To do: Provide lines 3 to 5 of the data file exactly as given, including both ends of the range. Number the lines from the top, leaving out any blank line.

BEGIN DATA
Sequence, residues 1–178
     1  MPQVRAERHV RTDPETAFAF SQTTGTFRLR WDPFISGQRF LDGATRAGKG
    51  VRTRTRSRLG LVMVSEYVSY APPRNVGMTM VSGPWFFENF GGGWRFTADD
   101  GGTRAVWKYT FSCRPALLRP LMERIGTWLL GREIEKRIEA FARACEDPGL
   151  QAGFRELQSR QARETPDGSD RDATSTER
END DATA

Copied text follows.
    51  VRTRTRSRLG LVMVSEYVSY APPRNVGMTM VSGPWFFENF GGGWRFTADD
   101  GGTRAVWKYT FSCRPALLRP LMERIGTWLL GREIEKRIEA FARACEDPGL
   151  QAGFRELQSR QARETPDGSD RDATSTER